‘Revathi Roy is a woman who combined her passion of driving and working for women with her circumstances to create a business, unheard of, anywhere in the world.’
She is who she is, despite of what happened to her.
She is who she is, because of what happened to her.
Revathi, credited with starting Asia’s first women taxi service, Forsche, in 2007 is known today for revolutionising the logistics sector by opening it for women through her logistics start-up Hey Dee Dee. This start up skills the urban poor women as two-wheeler and four-wheeler drivers, assists them in procuring two-wheeler loans and employs them as last mile parcel delivery agents for major e-commerce companies.
Most of the captivating stories are ‘rags to riches’ stories while her story is a ‘riches to rags to revolution’ story. Revathi had a privileged childhood as she was born to a journalist father who ran a unique research journal ‘Rubber News’ which played a pivotal role in the business of the rubber industry. Marrying her college sweetheart, Siddhartha, she had a protected life where she raised three sons and offered a helping hand to her husband in his printing venture.
Revathi, being passionate about driving, participated in plenty of TSD (Time, Speed and Distance) rallies which were less about adventure, more about strategy, less about adrenalin rush and more about focussed patience.
Destiny started revealing her future plans as her husband’s health began to turn fragile with a coronary artery surgery in 2000. Revathi started to work as a distributor of a known windows and doors manufacturing company apart from supervising Siddhartha’s business. By 2004, while expenses were rising for a family with three young boys, her husband suddenly slipped into diabetic coma.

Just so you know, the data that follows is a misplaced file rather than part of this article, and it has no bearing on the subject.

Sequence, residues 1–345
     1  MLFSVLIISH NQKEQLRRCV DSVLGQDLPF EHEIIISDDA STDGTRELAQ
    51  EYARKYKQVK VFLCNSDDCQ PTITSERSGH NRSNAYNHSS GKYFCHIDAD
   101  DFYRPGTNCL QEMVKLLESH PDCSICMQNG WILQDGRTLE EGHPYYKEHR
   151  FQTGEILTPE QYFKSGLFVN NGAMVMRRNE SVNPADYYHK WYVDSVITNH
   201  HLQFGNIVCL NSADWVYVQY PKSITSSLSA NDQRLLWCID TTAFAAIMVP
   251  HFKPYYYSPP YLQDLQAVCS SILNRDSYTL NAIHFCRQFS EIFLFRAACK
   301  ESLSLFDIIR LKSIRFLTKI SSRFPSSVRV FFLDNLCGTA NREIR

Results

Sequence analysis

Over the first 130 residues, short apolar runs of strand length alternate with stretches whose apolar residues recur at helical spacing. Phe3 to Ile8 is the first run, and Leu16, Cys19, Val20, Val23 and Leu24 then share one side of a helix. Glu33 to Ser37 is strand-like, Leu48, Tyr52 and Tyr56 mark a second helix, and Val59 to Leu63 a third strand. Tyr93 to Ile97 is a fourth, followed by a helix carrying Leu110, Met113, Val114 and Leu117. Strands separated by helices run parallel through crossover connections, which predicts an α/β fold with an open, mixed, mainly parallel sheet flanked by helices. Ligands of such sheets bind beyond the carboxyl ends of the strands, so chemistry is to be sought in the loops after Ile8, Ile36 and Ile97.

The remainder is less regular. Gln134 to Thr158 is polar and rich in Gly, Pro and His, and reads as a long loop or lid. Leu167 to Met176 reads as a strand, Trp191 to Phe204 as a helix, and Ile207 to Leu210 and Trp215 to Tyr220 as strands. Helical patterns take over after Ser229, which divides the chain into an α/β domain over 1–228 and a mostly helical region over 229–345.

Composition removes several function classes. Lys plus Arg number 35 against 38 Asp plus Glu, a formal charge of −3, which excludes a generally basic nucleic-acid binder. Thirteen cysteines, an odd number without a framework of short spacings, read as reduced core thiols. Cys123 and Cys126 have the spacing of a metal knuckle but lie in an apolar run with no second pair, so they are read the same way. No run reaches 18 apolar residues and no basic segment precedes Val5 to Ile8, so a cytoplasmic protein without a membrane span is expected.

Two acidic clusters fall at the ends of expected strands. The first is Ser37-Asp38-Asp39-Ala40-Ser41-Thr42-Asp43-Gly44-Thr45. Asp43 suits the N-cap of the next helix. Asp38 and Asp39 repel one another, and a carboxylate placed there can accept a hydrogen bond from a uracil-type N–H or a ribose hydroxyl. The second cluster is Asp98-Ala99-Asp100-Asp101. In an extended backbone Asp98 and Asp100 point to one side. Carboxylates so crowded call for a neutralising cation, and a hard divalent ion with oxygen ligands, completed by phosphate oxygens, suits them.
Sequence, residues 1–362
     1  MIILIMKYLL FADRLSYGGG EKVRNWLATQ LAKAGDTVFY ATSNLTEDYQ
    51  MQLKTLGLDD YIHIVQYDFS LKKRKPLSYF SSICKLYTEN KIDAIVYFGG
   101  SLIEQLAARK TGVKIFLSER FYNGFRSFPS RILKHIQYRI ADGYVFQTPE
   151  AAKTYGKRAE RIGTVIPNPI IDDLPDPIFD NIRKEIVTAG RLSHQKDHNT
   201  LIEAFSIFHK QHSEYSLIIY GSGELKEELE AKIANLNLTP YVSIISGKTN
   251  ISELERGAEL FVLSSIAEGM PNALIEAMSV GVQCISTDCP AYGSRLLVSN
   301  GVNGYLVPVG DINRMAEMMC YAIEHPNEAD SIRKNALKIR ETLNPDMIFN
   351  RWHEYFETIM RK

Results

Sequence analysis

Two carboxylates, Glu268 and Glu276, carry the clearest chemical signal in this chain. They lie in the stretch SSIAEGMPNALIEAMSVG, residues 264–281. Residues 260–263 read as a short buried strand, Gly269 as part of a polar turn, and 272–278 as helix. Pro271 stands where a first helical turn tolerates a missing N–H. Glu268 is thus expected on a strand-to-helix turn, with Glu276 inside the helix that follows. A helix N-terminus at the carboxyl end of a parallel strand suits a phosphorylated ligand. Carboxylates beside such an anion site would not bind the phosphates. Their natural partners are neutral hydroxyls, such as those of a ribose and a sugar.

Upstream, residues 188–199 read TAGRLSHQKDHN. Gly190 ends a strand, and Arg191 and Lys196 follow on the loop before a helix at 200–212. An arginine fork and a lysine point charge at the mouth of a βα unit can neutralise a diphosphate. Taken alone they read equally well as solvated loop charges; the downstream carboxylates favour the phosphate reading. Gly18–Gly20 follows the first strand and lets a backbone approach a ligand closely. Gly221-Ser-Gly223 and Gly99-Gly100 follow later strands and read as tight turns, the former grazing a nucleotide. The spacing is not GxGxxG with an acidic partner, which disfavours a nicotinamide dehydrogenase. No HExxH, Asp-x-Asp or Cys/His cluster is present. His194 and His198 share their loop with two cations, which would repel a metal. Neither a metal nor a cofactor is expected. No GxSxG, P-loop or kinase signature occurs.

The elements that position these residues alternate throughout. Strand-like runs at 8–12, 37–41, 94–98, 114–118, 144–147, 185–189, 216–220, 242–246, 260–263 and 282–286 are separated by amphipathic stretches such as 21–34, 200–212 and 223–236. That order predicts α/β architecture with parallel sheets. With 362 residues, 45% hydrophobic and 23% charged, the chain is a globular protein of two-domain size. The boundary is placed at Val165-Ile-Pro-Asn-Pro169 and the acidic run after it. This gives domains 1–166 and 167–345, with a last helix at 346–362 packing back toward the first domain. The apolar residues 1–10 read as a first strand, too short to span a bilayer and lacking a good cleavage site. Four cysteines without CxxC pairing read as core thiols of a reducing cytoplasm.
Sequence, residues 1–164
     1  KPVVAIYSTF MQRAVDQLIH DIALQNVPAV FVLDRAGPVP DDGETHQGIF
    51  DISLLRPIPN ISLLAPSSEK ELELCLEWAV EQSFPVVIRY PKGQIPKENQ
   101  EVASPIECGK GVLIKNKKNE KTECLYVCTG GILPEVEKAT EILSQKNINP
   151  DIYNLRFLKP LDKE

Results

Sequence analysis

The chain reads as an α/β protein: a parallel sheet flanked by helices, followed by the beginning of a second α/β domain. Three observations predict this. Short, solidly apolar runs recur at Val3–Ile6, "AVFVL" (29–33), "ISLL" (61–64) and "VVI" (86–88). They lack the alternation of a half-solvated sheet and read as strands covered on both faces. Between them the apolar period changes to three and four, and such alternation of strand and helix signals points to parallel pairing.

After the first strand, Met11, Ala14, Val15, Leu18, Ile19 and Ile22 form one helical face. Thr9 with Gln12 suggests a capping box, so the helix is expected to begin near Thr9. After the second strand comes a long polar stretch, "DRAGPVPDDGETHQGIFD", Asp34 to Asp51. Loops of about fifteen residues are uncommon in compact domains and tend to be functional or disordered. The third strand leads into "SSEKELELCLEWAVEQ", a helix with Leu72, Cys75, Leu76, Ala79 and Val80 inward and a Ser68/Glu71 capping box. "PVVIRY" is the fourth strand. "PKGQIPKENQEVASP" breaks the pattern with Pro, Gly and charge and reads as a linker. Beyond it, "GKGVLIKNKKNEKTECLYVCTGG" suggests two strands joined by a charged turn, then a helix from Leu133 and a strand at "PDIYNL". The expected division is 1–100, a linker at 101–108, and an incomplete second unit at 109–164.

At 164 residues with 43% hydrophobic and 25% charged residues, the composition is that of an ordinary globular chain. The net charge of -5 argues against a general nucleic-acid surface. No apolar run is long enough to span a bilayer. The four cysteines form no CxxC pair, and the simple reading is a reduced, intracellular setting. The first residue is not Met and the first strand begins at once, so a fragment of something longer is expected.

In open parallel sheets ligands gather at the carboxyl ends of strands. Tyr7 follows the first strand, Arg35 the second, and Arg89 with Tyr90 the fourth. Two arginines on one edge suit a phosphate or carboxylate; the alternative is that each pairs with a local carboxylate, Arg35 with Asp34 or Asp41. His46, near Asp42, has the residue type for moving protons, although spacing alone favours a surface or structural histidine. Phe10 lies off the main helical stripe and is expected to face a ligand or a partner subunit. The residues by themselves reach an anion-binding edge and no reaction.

NITI Aayog conferred ‘Women Transforming India’ award on Revathi for her
outstanding contribution to empowering communities and transforming India in 2016.
She took a loan from an acquaintance to pay the mounting medical bills but defaulted on the payments and was sent to prison for three months. A world weary Revathi spent those three months with unskilled women who had no hope anywhere. Out on bail, Revathi decided to skill such poor urban women by teaching them how to drive and employing them as commercial drivers into her first women cab service, Forsche, run by women and for women. It started in January 2006 and her husband lost his battle with coma in the same month.
Rabble rouser Revathi persisted, drove a cab herself on Mumbai roads for ten months and Forsche soon caught attention of media and public. It not only improved the lives of hundreds of poor women but also offered a comfortable and reliable mode of transportation to women in Mumbai. A multinational auto infrastructure company entered into a strategic tie-up with her company but she soon exited the staid corporate environment.
In 2016, Revathi, after closely watching the growth prospects of Indian Logistics industry, entered the logistics segment. On March 8, 2016, she launched Hey Dee Dee, her venture to mobilise urban poor women, to skill them as two-wheeler drivers and then employ them into last mile parcel delivery service. Hey Dee Dee has opened its franchises in more than 25 cities, empowering more and more women every day.
NITI Aayog conferred ‘Women Transforming India’ award on her for outstanding contribution to empowering communities and transforming India in 2016. She was featured on the cover page of a business magazine in 2017. Today, counted among the Top 50 Most Powerful Women of India (by Fortune magazine), Revathi is a master on ‘How to use grit and glee to galvanise your life.’
As a person, hope is the currency of her life while she has an active joy gene. Her resilience keeps a steady smile on her face.
(The writer is a known corporate speaker and has authored several best selling books.)
Words: Dr Swati Lodha